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Medication Abortion

Author: Nicki Nguyen, MD

Mentor: Meredith Alston, MD
Editor: Natalie Bowersox, MD

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Editor’s Note: This article is accurate and current as of the publication and review date. Practitioners need to be aware of the laws concerning this subject, and the variability of those laws and regulations across the country, which are subject to change at any time. Practitioners should frequently check for updates and changes in their local jurisdiction.

Medication or medical abortion (MAB) is a safe and effective option for pregnancy termination. MAB allows care to occur at earlier gestational ages, thus decreasing risks of pregnancy termination. The standard (and US Food and Drug Administration [FDA]–approved) regimen is oral mifepristone followed by misoprostol 6 to 48 hours after pending route of administration. Misoprostol only is an acceptable alternative (see Table). The FDA restricts mifepristone use under a risk evaluation and mitigation strategy (REMS) program, requiring provider registration and, historically, in-clinic patient disbursement. During the COVID-19 pandemic, the FDA permanently removed the in-person dispensing requirement. Telemedicine protocols have since been developed. Telemedicine is as effective as in-person visits, with rare adverse effects such as incorrect dating or ectopic pregnancies. MAB via telemedicine is safe, is associated with high patient satisfaction, and improves access to early abortion care.


Table. Medication Abortion Regimens (adapted from the American College of Obstetricians and Gynecologists)



Mifepristone dose

Misoprostol dose

Interval between drugs


Combination (FDA approved)

200 mg orally

800 mcg buccally

24 to 48 hours*

Combination (World Health Organization recommended)

200 mg orally

800 mcg (vaginally, buccally, sublingually)

24 to 48 hours*


Misoprostol only


800 mcg (vaginally, buccally, sublingually)

Repeat every 3 hours for up to 3 doses

*Recent data suggest that misoprostol up to 6 hours after mifepristone is just as effective.


Pregnancy confirmation options include serum hCG testing or home urine hCG testing, ultrasonography, or history-based last menstrual period gestational age dating. In 2020, the American College of Obstetricians and Gynecologists stated that gestational age dating based on last menstrual period without ultrasonography is acceptable and approved for MAB up to 70 days gestational age. Recent data support use of MAB for last menstrual period–based dating up to 77 days. Only 1% of patients who report sure last menstrual period within 1 week have ultrasonography that confirms gestational age of more than 77 days. MAB should not be offered to patients who have suspected or confirmed ectopic pregnancies, blood disorders, adrenal failure, or allergies to mifepristone or misoprostol. Patients who are unable to understand care instructions or follow-up should not obtain MAB.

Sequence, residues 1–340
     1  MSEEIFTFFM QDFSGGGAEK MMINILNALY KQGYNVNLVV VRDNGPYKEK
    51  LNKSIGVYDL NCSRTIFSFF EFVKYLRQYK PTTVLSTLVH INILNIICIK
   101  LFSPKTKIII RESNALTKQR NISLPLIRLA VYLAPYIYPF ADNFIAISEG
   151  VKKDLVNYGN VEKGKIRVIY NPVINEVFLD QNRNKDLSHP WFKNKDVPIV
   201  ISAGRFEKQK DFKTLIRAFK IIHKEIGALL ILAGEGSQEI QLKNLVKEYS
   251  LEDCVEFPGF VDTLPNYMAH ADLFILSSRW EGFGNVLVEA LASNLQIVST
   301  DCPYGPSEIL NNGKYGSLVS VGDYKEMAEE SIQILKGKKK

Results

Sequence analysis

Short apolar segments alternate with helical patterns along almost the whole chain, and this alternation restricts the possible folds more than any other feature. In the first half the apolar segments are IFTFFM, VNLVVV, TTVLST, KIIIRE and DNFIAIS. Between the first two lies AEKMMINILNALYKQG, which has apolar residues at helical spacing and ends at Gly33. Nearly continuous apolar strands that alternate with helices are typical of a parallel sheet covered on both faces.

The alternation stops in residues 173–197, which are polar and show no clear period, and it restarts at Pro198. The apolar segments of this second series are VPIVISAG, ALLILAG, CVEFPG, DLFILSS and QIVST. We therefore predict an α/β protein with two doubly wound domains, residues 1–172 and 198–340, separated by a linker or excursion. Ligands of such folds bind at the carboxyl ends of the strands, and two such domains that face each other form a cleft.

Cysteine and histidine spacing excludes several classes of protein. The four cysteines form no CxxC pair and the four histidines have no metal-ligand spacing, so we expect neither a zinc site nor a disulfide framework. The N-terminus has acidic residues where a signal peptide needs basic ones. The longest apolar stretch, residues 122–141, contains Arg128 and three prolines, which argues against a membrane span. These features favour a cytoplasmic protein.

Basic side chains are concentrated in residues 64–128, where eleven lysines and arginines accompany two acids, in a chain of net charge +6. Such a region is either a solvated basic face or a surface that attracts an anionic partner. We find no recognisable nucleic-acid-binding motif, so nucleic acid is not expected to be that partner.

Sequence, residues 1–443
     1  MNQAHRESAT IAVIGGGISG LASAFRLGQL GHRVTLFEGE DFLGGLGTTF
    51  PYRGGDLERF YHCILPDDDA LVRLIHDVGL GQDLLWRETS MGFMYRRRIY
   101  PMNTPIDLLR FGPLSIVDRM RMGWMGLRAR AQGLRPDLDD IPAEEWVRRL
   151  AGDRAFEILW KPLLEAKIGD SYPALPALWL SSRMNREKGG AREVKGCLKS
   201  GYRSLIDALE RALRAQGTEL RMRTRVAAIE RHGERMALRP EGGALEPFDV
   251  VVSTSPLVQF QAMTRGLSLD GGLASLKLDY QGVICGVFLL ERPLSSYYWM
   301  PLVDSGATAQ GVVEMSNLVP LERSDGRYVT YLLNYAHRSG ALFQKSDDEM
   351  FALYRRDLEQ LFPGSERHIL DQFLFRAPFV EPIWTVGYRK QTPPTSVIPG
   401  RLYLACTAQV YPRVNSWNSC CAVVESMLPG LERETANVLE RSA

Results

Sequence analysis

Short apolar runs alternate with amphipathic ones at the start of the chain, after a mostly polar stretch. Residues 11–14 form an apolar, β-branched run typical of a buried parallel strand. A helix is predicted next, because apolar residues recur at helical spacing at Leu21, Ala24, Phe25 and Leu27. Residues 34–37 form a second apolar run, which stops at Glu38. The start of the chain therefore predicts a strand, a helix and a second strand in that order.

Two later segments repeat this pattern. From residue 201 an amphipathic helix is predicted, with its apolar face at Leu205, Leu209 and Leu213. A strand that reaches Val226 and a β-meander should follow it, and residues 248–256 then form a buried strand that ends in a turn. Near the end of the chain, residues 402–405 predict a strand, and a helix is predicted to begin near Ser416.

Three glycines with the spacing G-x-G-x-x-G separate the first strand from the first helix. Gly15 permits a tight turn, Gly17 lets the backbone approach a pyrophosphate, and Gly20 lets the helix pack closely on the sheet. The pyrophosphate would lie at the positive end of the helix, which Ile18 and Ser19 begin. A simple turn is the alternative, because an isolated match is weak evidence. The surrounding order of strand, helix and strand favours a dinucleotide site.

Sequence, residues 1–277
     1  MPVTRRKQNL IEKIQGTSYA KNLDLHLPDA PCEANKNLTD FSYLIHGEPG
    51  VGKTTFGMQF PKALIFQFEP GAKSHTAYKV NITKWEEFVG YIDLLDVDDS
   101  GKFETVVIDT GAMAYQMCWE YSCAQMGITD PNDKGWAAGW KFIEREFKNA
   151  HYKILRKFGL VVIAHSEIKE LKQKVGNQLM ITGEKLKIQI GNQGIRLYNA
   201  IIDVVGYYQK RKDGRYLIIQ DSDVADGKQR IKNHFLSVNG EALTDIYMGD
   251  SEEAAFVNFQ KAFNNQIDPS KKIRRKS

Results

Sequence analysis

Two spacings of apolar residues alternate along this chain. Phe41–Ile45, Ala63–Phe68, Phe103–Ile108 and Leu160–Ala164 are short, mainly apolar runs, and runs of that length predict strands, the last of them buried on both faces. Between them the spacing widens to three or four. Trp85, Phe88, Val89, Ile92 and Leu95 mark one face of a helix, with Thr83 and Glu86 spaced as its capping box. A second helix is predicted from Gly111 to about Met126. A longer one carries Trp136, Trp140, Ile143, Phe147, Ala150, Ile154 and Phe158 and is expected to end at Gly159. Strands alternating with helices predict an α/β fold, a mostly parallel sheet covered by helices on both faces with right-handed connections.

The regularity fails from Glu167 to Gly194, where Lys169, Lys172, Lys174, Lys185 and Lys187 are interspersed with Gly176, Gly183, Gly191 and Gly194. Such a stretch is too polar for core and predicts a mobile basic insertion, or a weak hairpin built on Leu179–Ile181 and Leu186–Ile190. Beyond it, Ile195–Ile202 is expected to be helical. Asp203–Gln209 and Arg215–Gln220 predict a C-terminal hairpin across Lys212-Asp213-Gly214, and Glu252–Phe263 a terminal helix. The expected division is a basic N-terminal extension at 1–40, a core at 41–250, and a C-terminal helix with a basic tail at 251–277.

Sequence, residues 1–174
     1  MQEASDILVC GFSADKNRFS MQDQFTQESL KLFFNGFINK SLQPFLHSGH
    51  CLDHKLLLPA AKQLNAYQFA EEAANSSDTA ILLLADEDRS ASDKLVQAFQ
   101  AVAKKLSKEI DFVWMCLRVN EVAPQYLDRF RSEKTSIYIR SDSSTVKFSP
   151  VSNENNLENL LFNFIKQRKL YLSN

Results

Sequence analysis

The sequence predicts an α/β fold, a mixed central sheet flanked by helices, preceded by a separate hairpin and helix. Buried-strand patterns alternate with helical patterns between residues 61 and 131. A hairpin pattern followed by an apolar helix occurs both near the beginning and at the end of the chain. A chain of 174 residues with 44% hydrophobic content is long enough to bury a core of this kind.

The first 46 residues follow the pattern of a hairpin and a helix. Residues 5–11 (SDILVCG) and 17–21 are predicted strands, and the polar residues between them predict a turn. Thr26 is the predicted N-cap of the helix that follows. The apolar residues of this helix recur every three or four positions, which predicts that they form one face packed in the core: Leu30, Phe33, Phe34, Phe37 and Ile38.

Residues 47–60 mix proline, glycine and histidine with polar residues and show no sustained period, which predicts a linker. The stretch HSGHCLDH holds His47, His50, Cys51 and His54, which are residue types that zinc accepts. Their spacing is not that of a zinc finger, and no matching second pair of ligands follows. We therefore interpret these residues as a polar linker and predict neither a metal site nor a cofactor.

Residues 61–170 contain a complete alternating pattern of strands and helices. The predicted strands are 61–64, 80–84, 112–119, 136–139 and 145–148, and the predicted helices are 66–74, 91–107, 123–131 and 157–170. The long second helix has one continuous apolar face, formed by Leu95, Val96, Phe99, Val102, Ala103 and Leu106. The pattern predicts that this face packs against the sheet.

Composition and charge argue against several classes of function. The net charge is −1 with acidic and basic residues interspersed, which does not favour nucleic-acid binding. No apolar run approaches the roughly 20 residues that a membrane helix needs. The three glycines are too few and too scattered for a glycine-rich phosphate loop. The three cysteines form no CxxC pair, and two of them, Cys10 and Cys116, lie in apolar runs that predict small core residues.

Bleeding is typically much heavier with MAB than with menses, and severe cramping is possible. Patients should be given bleeding precautions. Most complications such as need for dilation and curettage or blood transfusion occur within 24 hours of misoprostol administration. Antibiotics and routine laboratory tests, including Rh status and hemoglobin levels, are not required. Research suggests that risk of Rh sensitization is negligible in early abortions.

Follow-up is recommended 1 to 2 weeks after treatment. Telemedicine follow-up is a reasonable option given that if both the patient and clinician agree that expulsion occurred based on symptoms, they are correct 96% to 99% of the time. A home urine pregnancy test should be obtained 4 weeks later.

For in-person follow-up, ultrasonography, serum hCG measurement, or urine pregnancy testing may be done if deemed necessary. Ultrasonography should only be used to determine the presence or absence of a gestational sac. If no gestational sac was ever present, a serum hCG level decrease of 80% or more 1 week after treatment indicates success. Mifepristone is not teratogenic; however, misoprostol use during the first trimester may cause anomalies that patients should be counseled about if pregnancy continues. If a retained gestational sac or prolonged irregular bleeding is present 2 weeks after MAB, another misoprostol administration, dilation and curettage, or expectant management may be offered. If there is cardiac activity after a repeated misoprostol administration, dilation and curettage should be performed. MAB failure rates are 0.5% when performed at less than 7 weeks gestational age and 3.4% when performed at less than 10 weeks gestational age.

Providers who have the skill set to diagnose and discuss pregnancy options, evaluate for ectopic risks, and counsel on the regimen are appropriate MAB providers. Providers should be able to manage or refer patients should complications arise.

Further Reading:

American College of Obstetricians and Gynecologists’ Committee on Practice Bulletins—Gynecology, Society of Family Planning. Medication Abortion Up to 70 Days of Gestation: ACOG Practice Bulletin, Number 225. Obstet Gynecol. 2020 Oct;136(4):e31-e47. doi: 10.1097/AOG.0000000000004082. PMID: 32804884.

Raymond EG, Grossman D, Mark A, Upadhyay UD, et al. Commentary: No-test medication abortion: A sample protocol for increasing access during a pandemic and beyond. Contraception. 2020 Jun;101(6):361-366. doi: 10.1016/j.contraception.2020.04.005. Epub 2020 Apr 16. PMID: 32305289; PMCID: PMC7161512.

Initial publication June 2023

Final editing of initial publication performed by The Medical Pen, LLC.


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